Many years ago, but I don't know how many - Fifteen? More? - I came across this image:

Nor can I remember exactly where I found it, obviously in some book or other because I still have a copy of the xerox I took. It's a graphic translation, by an unknown hand, of one of the so-called Bradshaw Figures, rock art of the Kimberley region in north west Australia.

The Bradshaws - named after a Joseph Bradshaw who first 'discovered' them in 1891 - are an enigma. They haven't been reliably dated and no-one has yet advanced a convincing explanation of who made them. They are very different stylistically from the wondjina tradition of painting that still survives up there.

To my eye, and this has of course been noted by others, they have affinities with figurative rock art tradtions in other parts of the world, particularly Africa. There have been more or less scholarly attempts to compare the Bradshaws with similar figures from both southern and northern (Algeria) African traditions.

This figure of a dancer, so graceful, insoucient, and free, was in many ways the original inspiration for Luca Antara, the book, she makes a brief appearance in it and I'm just now in discussions with the publisher which may lead to the inclusion of her image in the book as well. This would please me very much if it happens.

Some recent dates for the Bradshaws suggest they are about 17,000 years old, that is, they were made around the time of the last glacial maximum. It is a matter of fact that a great deal of land off the western and northern coasts of Australia was submerged as the ice melted and the ocean came flooding back. Large parts of what is now Indonesia also disappeared.

I've never been able to dismiss the possibility that the Bradshaws are the art of a culture and tradition that was more or less wiped out by the rising seas sometime in the last 10,000 years or so. I'm aware that there are various certifiable crackpots who have elaborated vast, fanciful dream towers about this thematic and I deny that I'm one of them.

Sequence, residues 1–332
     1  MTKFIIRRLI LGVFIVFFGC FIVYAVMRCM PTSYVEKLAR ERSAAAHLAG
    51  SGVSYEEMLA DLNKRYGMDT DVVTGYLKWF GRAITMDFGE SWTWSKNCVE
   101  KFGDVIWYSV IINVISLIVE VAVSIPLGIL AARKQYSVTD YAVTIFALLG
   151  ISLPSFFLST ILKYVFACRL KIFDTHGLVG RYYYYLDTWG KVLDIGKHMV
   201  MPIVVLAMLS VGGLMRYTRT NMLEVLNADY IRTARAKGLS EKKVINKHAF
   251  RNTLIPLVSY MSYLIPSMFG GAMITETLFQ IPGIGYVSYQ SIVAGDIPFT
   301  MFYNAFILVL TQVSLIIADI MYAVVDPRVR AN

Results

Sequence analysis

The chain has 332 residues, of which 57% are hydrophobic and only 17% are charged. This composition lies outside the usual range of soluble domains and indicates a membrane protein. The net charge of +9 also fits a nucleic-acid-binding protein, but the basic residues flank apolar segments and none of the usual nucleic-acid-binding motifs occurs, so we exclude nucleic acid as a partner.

But somebody made the Bradshaws and they show a sophistication which, while it certainly can't be used to support the idea of some Atlantis type lost civilisation, may still represent a flowering of a culture whose other artefacts and achievments now lie under the Timor Sea. This is likely to have been an indigenous Australian - ie Aboriginal - culture with strong ties to those of nearby Sundaland.

Some more images:


chiefbiscuit said...

That guy in a funny hat who does these fantastic, survival-in-the-outback documentaries that only Prime (or our local Dunedin channel) ever show, once did a spot on these cave drawings on an episode he did on the Kimberlys. Amazing stuff. There he was in this cave, his voice echoing from the walls ... and these drawings - just there! It was a moment - and that's just from a sitting position on our couch - imagine actually being there inside that cave. Have you been to see?

John Hardy said...

These dancing figures a great. Sort of remind me of the Rongorongo figures of Easter island.

Martin Edmond said...

no, alas, chiefbiscuit, I have not - nearly, once, years ago ... but then, Oz is inscribed all over & I have spent time with the rock art of the Sydney region, much of which has never been classified, is still just - there.

hi John - yeah, the talking boards! it's amazing to think there are literally tens of thousands of these figures up there.